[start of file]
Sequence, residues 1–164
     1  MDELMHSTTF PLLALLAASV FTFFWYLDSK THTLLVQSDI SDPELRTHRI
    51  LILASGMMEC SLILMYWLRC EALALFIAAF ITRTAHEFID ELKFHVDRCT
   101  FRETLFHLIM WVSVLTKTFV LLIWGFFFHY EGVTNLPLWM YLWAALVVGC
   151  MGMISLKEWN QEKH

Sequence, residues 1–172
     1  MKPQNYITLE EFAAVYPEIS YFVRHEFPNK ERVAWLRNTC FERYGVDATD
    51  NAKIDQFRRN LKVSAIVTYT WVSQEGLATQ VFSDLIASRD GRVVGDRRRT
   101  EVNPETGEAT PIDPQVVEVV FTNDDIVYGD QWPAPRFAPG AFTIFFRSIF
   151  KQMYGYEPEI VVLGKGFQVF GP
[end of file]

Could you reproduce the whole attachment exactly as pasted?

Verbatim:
Sequence, residues 1–164
     1  MDELMHSTTF PLLALLAASV FTFFWYLDSK THTLLVQSDI SDPELRTHRI
    51  LILASGMMEC SLILMYWLRC EALALFIAAF ITRTAHEFID ELKFHVDRCT
   101  FRETLFHLIM WVSVLTKTFV LLIWGFFFHY EGVTNLPLWM YLWAALVVGC
   151  MGMISLKEWN QEKH

Sequence, residues 1–172
     1  MKPQNYITLE EFAAVYPEIS YFVRHEFPNK ERVAWLRNTC FERYGVDATD
    51  NAKIDQFRRN LKVSAIVTYT WVSQEGLATQ VFSDLIASRD GRVVGDRRRT
   101  EVNPETGEAT PIDPQVVEVV FTNDDIVYGD QWPAPRFAPG AFTIFFRSIF
   151  KQMYGYEPEI VVLGKGFQVF GP